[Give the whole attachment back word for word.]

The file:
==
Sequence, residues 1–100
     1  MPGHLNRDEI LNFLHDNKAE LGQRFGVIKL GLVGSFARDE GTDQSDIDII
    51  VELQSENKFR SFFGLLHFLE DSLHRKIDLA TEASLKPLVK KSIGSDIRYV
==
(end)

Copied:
Sequence, residues 1–100
     1  MPGHLNRDEI LNFLHDNKAE LGQRFGVIKL GLVGSFARDE GTDQSDIDII
    51  VELQSENKFR SFFGLLHFLE DSLHRKIDLA TEASLKPLVK KSIGSDIRYV